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16
May
2017

Scientists build molecule to disrupt cancer protein

Pippette tips containing liquid

Researchers have designed and built a molecule that blocks the action of a protein linked to tumour development.

The protein, called TLE1, is part of a number of signalling networks linked to cancer, which makes it an attractive target for drugs to treat.

The team used 3D visualisations of TLE1 to determine what shape the molecule needed to be in order to bind tightly to it, and stop the protein from doing its job.

They then used a process called stapled peptide synthesis to build the molecule up from smaller units.

The study, from scientists at The Institute of Cancer Research, London, and the company Malvern Instruments, found that the molecule bound well to TLE1 – suggesting it could be a starting point for future drug discovery research.

The research was funded by Cancer Research UK and Wellcome, and published in Chemistry: A European Journal.

Communication problems

In healthy tissue, TLE1 plays a role in helping cells to develop normally. It forms part of a number of signalling pathways that allow cells to communicate with one another, including two called the Notch and Wnt pathways.

Through this communication, neighbouring cells can determine whether they should divide and, if so, what type of cell they should grow into.

However, in cancer these pathways can become deregulated causing uncontrolled growth. As a result, blocking TLE1 from working could help to disrupt this process and slow or stop the growth of cancerous cells.

In a bind

The molecule was based on a short protein chain found in many of the proteins that TLE1 binds to in cells.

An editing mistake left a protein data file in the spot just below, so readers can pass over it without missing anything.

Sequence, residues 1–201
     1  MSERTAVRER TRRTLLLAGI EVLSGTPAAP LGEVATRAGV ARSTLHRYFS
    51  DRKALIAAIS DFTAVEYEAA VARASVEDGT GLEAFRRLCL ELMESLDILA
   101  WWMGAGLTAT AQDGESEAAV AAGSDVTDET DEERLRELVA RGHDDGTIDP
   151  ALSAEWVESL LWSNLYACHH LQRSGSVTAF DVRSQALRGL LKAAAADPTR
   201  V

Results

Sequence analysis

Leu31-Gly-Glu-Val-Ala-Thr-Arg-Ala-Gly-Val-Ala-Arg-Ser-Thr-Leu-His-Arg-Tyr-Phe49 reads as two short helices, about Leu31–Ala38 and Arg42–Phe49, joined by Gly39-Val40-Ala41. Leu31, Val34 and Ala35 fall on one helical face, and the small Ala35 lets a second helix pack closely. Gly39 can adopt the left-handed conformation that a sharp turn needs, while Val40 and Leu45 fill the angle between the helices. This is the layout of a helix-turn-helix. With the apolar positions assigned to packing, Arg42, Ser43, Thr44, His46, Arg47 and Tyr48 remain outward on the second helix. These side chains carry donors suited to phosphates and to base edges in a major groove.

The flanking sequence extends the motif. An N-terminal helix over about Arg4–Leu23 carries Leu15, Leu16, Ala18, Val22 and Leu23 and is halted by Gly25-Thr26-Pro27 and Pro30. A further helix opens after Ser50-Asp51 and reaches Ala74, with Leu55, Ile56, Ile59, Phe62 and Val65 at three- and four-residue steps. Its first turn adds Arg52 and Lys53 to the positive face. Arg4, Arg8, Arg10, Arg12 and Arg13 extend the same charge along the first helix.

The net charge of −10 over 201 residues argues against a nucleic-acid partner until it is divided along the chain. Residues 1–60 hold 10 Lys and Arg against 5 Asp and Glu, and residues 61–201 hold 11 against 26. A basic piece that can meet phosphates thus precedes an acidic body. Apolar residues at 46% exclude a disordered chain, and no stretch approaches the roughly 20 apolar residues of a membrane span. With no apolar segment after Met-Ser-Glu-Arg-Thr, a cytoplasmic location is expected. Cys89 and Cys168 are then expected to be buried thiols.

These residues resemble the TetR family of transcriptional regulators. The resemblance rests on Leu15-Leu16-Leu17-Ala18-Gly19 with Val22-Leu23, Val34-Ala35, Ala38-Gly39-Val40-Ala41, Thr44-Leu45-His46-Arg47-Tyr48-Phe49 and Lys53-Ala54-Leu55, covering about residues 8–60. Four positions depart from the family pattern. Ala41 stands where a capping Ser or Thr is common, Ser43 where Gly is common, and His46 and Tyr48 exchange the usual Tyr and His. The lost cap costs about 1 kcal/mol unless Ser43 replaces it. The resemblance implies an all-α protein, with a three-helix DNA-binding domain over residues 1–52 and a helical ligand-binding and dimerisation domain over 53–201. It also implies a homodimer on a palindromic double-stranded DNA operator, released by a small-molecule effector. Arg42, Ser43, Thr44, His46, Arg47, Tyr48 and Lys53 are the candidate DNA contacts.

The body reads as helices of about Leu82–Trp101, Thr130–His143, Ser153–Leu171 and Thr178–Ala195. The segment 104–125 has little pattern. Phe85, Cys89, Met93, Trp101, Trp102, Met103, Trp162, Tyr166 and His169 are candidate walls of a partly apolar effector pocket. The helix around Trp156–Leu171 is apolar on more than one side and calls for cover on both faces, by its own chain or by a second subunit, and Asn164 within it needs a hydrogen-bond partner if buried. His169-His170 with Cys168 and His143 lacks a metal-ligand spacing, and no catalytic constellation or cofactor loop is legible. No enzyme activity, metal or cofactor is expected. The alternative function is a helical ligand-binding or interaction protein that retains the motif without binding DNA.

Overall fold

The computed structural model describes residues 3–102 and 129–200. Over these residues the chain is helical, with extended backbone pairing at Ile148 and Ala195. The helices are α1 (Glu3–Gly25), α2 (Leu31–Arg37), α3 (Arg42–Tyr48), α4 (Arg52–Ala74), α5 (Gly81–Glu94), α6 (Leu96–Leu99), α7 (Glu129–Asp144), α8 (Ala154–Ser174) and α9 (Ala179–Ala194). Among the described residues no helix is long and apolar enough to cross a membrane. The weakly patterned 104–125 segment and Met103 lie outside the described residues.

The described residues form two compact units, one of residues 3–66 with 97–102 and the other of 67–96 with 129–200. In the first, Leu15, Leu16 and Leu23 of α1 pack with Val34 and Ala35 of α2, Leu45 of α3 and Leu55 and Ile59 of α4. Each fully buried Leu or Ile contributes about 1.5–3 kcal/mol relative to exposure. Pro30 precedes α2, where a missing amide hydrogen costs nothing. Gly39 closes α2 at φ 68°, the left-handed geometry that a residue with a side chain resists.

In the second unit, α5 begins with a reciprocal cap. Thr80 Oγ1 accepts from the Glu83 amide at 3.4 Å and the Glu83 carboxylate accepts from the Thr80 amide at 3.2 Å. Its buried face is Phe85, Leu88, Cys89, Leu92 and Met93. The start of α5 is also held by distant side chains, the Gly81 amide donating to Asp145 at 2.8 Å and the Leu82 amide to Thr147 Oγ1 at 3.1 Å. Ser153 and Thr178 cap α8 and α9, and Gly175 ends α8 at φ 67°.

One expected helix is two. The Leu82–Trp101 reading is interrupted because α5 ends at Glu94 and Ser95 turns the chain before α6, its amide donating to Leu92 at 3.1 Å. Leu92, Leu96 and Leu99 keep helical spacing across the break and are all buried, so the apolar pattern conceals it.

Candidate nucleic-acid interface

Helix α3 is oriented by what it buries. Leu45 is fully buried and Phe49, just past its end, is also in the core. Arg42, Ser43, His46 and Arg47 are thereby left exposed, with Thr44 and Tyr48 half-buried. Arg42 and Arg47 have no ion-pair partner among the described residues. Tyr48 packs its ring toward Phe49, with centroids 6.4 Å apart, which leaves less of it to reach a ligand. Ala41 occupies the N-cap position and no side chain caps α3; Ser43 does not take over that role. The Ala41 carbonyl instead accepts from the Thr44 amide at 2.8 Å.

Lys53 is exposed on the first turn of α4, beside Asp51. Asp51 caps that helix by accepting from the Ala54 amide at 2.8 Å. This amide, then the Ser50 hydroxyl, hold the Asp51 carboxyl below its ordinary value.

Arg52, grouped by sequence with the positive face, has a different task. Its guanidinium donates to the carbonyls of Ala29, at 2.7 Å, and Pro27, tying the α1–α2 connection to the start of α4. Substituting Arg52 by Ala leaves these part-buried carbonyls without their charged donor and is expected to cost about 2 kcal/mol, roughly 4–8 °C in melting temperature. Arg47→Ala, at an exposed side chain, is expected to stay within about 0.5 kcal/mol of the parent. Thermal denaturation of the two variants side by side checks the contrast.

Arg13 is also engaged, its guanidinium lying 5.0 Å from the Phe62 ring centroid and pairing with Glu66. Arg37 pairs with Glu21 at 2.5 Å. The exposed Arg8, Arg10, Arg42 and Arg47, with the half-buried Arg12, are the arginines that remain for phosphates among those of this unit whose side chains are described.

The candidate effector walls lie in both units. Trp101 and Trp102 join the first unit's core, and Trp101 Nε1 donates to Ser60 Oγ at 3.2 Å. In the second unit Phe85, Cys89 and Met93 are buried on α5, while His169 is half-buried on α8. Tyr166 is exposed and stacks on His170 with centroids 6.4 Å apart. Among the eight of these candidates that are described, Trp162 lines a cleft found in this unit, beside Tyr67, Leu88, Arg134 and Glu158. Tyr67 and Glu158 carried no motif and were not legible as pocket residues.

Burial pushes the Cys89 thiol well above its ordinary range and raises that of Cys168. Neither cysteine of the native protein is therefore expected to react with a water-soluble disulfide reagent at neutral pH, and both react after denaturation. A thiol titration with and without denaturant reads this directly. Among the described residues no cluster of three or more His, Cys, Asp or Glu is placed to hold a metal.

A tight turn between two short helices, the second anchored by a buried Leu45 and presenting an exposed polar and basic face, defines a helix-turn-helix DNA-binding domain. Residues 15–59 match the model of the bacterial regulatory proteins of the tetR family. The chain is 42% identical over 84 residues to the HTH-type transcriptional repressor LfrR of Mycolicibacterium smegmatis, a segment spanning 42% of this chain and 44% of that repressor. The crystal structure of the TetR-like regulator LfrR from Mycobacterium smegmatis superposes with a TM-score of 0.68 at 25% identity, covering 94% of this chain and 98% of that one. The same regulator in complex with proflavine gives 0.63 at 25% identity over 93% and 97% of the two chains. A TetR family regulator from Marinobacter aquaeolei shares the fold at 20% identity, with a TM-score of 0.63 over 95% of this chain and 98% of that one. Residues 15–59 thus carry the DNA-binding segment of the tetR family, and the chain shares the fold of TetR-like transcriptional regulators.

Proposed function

The team introduced an extra four carbon atoms to tie two parts of the molecule together. These acted as a ‘staple’, locking the molecule in an orientation that lined it up with TLE1 – hence the ‘stapled peptide’ name of the technique.

Having demonstrated that the technique is a viable option for blocking targets like TLE1, the team now hopes that future research will be able to further improve the chain’s affinity for the protein.

Study leader Dr Swen Hoelder, Team Leader in Medicinal Chemistry at the ICR, said: “TLE1 has been implicated in a number of different cancers, making it a promising possible target for future treatments.

“Our work showed that it is possible to design a short peptide chain to bind TLE1, which we hope will serve as the basis for the development of future TLE1 inhibitors. It also demonstrates the challenges in using this technique for designing and synthesising future cancer drugs.”

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Swen Hoelder
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